Oscar has a bit of egg on its golden face.
“Argo” took home the Best Picture award during Sunday night’s Academy Awards.
The film’s director, Ben Affleck, was famously left off of Oscar’s Best Director list of nominees.
Affleck, who sped through an emotional acceptance speech, did not mention the snub, and had only kind words to say about his film's competitors.
"There are eight great films that have every right, as much a right to be up here as we do," he said said, his voice cracking later when he thanked his wife, actress Jennifer Garner.
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"I want to thank you for working on our marriage for 10 Christmases," he said. "It is work but it is the best kind of work, and there's no one I'd rather work with.''
"Argo" had already snapped up every major award leading up to the Oscars, so its presenter may have been more of a surprise than the winner.
First Lady Michelle Obama, introduced by Jack Nicholson, appeared via satellite to announce the Best Picture award.
But "Argo" didn't hog all of the Oscar spotlight.
Daniel Day-Lewis took home the Best Actor award for his role in “Lincoln," and Jennifer Lawrence won Best Actress for "Silver Linings Playbook."
The 22-year-old was so excited she tripped and fell hard as she walked up the steps to the stage to accept her award.
"You guys are just standing up because you feel bad that I fell," she said to the audience.
Ang Lee won the best director award for "Life of Pi." It was a major upset, as Steven Spielberg had been favored for "Lincoln."
"I really want to thank you for believing this story and sharing this incredible journey with me," Lee said.
Christoph Waltz took home the first big award of the night, winning best supporting actor for his role in "Django Unchained." It was his second Oscar from his second Quentin Tarantino film. He won an Oscar for supporting actor in 2009 for "Inglorious Bastards."
Anne Hathaway took home the award for best supporting actress for her role in "Les Miserables."
Hathaway, whose perkiness helped carry her and the listless James Franco through an ill-starred stint as Oscar hosts two years ago, is the third performer in a musical to win supporting actress during the genre's resurgence in the last decade.
"It came true," she said, clutching her Oscar.
There was another Oscar surprise when a tie was announced in the Sound Editing category. Teams from "Skyfall" and "Zero Dark Thirty" both took home golden statues. It was not, however, the first Academy Award tie. According to History.com, there were ties in 1943, 1949 and 1986.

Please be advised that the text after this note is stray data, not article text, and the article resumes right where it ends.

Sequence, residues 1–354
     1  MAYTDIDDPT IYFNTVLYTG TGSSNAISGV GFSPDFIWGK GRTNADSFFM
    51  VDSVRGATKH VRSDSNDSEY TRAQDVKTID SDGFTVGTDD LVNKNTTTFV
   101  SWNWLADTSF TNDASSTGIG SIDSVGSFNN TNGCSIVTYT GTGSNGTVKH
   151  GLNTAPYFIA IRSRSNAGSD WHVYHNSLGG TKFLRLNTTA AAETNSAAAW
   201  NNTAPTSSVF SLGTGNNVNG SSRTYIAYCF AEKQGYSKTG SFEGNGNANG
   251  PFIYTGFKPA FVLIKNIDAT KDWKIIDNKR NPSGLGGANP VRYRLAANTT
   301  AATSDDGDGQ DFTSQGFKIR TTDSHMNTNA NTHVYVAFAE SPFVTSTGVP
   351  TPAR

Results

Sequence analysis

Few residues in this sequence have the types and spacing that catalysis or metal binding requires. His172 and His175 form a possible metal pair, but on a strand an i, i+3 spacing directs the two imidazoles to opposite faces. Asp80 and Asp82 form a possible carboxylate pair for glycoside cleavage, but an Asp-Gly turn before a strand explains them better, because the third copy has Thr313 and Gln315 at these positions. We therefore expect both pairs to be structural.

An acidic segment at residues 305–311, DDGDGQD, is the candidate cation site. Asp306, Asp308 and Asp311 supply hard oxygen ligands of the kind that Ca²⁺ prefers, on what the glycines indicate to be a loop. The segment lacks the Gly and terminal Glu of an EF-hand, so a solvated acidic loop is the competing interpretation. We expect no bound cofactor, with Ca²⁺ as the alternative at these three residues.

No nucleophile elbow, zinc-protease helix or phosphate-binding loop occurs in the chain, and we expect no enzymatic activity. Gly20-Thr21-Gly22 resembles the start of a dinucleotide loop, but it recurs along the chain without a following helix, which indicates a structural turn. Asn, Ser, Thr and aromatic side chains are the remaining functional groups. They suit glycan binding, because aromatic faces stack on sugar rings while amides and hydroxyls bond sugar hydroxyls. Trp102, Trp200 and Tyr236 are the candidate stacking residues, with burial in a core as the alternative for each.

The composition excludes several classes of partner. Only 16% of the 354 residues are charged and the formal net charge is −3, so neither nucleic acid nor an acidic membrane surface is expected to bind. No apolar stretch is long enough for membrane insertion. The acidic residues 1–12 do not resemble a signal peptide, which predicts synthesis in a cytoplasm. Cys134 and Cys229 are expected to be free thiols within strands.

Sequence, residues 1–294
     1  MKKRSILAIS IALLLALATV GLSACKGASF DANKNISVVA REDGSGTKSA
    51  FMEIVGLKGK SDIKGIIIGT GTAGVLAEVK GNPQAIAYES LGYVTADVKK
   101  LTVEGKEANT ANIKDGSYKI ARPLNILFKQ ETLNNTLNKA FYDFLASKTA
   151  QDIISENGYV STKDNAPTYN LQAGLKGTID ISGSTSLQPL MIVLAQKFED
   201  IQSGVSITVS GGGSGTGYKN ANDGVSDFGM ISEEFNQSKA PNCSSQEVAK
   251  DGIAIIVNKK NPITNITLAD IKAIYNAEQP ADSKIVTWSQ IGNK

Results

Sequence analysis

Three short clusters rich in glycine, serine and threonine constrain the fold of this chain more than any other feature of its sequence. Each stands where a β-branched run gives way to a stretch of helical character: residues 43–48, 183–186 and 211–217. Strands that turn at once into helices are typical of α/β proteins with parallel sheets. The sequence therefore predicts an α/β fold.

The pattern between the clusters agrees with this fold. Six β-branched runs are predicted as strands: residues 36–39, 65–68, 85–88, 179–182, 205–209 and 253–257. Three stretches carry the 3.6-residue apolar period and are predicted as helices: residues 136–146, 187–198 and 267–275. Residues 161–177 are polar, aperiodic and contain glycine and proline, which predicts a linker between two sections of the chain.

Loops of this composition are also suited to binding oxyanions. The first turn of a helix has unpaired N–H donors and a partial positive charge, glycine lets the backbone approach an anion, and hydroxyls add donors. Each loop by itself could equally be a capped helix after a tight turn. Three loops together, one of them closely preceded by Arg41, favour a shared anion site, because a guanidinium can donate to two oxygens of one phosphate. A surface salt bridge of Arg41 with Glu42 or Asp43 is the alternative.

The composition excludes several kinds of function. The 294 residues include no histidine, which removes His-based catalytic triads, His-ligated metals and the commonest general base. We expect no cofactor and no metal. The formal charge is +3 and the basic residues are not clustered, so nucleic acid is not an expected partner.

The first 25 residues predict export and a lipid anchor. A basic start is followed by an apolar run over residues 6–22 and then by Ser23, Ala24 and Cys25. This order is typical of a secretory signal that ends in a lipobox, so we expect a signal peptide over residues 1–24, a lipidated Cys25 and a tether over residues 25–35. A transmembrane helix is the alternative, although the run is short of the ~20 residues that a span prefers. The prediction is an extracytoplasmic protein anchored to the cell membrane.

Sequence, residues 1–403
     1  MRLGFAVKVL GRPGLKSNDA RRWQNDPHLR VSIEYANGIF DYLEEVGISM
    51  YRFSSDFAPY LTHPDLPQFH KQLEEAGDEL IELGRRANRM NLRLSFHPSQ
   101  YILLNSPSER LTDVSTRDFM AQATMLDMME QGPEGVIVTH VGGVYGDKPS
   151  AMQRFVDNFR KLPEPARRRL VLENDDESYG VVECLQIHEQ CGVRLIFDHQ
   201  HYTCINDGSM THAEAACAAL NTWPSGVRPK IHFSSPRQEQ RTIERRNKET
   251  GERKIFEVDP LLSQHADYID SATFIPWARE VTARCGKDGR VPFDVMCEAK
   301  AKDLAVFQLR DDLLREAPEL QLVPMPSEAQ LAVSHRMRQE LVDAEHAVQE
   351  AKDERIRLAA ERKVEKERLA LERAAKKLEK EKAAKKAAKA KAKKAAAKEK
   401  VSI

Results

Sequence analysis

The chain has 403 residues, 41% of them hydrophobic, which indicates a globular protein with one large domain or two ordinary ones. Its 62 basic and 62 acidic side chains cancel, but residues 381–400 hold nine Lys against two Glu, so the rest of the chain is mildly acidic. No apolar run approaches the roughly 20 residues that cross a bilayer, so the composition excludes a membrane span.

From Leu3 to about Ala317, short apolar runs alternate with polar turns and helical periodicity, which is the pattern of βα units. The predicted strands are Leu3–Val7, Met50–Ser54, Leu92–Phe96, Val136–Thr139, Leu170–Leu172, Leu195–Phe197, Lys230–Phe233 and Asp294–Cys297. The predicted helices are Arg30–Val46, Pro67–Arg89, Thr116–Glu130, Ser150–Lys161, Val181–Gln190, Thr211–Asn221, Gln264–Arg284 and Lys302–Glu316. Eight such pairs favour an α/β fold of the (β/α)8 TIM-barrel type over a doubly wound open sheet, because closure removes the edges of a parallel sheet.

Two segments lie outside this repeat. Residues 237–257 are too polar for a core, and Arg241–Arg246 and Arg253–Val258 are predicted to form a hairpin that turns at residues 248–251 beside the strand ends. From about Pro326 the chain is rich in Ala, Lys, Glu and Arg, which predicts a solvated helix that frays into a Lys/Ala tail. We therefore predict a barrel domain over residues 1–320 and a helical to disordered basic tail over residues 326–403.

But the big winners of the night were perhaps slightly overshadowed by the show's controversial host and seemingly endless musical performances.
Seth MacFarlane, of “Family Guy” fame, kicked off the ceremony by pushing the crudeness envelope early-on, but Captain Kirk -- yes Captain Kirk -- wasn’t having it.
William Shatner, dressed as his "Star Trek" character, appeared on a screen less than 10 minutes into the telecast to cut off what he called MacFarlane’s offensive jokes.
Shatner said he was coming from the future to “stop you from destroying the Academy Awards.” He then went on to hold up a news article that read “Seth MacFarlane Worst Oscar Host Ever.”
As the night began, MacFarlane took jabs at Mel Gibson, Jodie Foster, Chris Brown and Rihanna. His jokes were met with mixed applause and scattered laughs from the celebrity audience.
Following MacFarlane's initial show introduction, the Oscars quickly took turned into a musical extravaganza, as promised.
A series of musical numbers were presented as a salute to movie musicals of the last decade. Daniel Radcliffe, Jennifer Hudson and Catherine Zeta Jones were among the night's performers.
The star-studded cast of “Les Miserables” also took the Oscar stage to perform, including Hugh Jackman, Anne Hathaway, Russell Crowe, Helena Bonham Carter and Amanda Seyfried.
Their performance received a standing ovation.
Adele entertained the Oscar audience in a much-anticipated performance of her hit "Skyfall." The performance was part of a tribute to the James Bond franchise, which celebrated its 50th anniversary this year. She later won the award for Best Original Song.
Earlier in the night, 76-year-old Shirley Bassey got a standing ovation after she belted out "Goldfinger" for the 007 tribute.
All of those performances took their toll on the show’s running length, however, which went about 35 minutes past its promised three-hour run time.